This American Slippery Slope

March 17, 2012 § 10 Comments

Numerous folks have pointed out how This American Life‘s retraction of Mike Daisey’s “reporting” on Apple resembles in some ways the recent rumbles and complaints toward John D’Agata’s fabrications and fact-shifting in About a Mountain and The Lifespan of a Fact.  Daisey, it seems, in making a claim to personal contacts and conversations that did not actually occur, agrees with John D’Agata that facts can be reshaped in order to make a nonfiction work more artful.

Here is part of an account from The New York Times:

… after hearing the radio story, Rob Schmitz, a China correspondent for another radio program, found holes in the stories Mr. Daisey told and worked with “This American Life” to disprove certain parts. The results will be broadcast by “This American Life” this weekend, as part of a full hour devoted to the retraction and the explanation.

In a report for “Marketplace” on Friday, Mr. Schmitz acknowledged that other people actually had witnessed harsh conditions at the factories that supplied Apple. “What makes this a little complicated,” he said, “is that the things Daisey lied about are things that have actually happened in China: Workers making Apple products have been poisoned by hexane. Apple’s own audits show the company has caught underage workers at a handful of its suppliers. These things are rare, but together, they form an easy-to-understand narrative about Apple.”

… By being tarred as a fabulist, Mr. Daisey risks hurting the cause he is championing. For instance, in his theatrical show and on the radio, Mr. Daisey had described meeting mistreated Foxconn workers in southern China, relying on a translator to carry on the conversations. But in a later interview with Mr. Schmitz, the translator disputed some of the details of the meetings — like a worker whose hand was injured at a Foxconn plant seeing an iPad for the first time and calling it “magic” — and suggested that Mr. Daisey did not witness what he said he did.

When interviewed by Mr. Schmitz and Mr. Glass for this weekend’s program, Mr. Daisey said, “I’m not going to say that I didn’t take a few shortcuts in my passion to be heard. But I stand behind the work.”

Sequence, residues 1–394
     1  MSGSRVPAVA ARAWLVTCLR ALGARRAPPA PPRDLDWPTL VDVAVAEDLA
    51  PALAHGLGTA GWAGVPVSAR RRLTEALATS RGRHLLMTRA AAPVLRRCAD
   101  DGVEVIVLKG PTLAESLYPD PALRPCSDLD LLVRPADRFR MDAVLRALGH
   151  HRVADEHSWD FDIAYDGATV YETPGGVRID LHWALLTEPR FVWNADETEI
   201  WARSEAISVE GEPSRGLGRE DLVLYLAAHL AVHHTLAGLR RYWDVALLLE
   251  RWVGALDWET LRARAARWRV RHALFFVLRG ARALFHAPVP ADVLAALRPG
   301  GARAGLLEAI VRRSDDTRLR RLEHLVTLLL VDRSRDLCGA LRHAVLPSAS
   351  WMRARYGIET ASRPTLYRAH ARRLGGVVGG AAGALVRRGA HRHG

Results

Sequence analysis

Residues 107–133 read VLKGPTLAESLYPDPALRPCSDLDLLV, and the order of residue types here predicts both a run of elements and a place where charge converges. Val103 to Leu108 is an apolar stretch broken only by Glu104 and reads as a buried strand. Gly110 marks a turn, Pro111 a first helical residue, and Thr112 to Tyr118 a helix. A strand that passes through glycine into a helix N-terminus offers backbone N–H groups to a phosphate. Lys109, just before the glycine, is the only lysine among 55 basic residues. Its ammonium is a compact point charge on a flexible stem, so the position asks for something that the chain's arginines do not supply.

Daisey’s liberties may in the end harm the case for improving conditions in China’s factories, because it gives cover to those who want to claim “none of this is real.”  This, we think here at Brevity, is the danger of D’Agata and Daisey’s slippery slope.

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§ 10 Responses to This American Slippery Slope

  • The challenge and beauty of creative nonfiction is balancing fact and art. Writing CNF is an aesthetic and ethical process, and the work carries a far different consequence in the world than fiction. I’m not arguing against the interpretation and dramatic shaping and structuring it takes to tell a good story–that’s a necessary part of the process. But you should cue the reader or audience, subtly or otherwise, when you are going to privilege imagination over fact (even questionable fact, and many facts are questionable). Fact matters. If it doesn’t, call it fiction.

  • Daisey had a “passion to be heard,” but by fabricating a part of the radio broadcast I agree he derailed the legitimacy of his entire argument. If Daisey could have been up front from the beginning that his piece on “This American Life” was based on both real and imagined events–it may still have been effective and would have avoided controversy. One of the most shocking books that helped change factory conditions in America–Upton Sinclair’s The Jungle–was published as a novel.

  • Everyone should listen to TAL’s retraction show: I am especially interested in Act Two. Daisy gets very confessional (if we can believe him) before he moves toward the end of the act to take a D’Agata stand.

  • K.N. says:

    I wonder why we don’t feel similarly deceived when we find out a work of fiction is based on fact? Isn’t there the same breach of contract with the reader — the promise being “I invented all of this” — when lived experience has been presented as being imagined? Strange that we all (or almost all) so easily accept a sense of liability to which no other literary genre is beholden.

  • sandrabranum says:

    When you testify in court, you take an oath “to tell the whole truth, and nothing but the truth.” I would expect nothing less from someone who claims to be writing CNF. The key word “nonfiction” implies you are telling the truth and thus you should. Anything else should be fiction and written as such.

    • K.N. says:

      The word “nonfiction” actually doesn’t tell us anything about what the genre is. It tells us what it isn’t — not fiction. Just because one is not writing fiction doesn’t mean one is automatically writing “truth.”

  • a. m. f. says:

    I just read the New Yorker’s blurb on this (they also drew the D’Agata card), stating that TAL maintains journalistic standards…. This caused me to pause, for unless things have changed from years ago, I always felt some of the stories had been tweaked for buzz factor. This made me question which parts of TAL pieces were true,and which were fiction; so, I just stopped listening. THAT, to me, is the danger of colouring outside the lines of truth. ~

  • […] story was of great fascination since I just blogged about truth in reporting after reading Brevity WP blog’s report on John D’Agata. Now, it isn’t just Brevity blogging about fact and creative […]

  • […] This American Slippery Slope « BREVITY’s Nonfiction Blog […]

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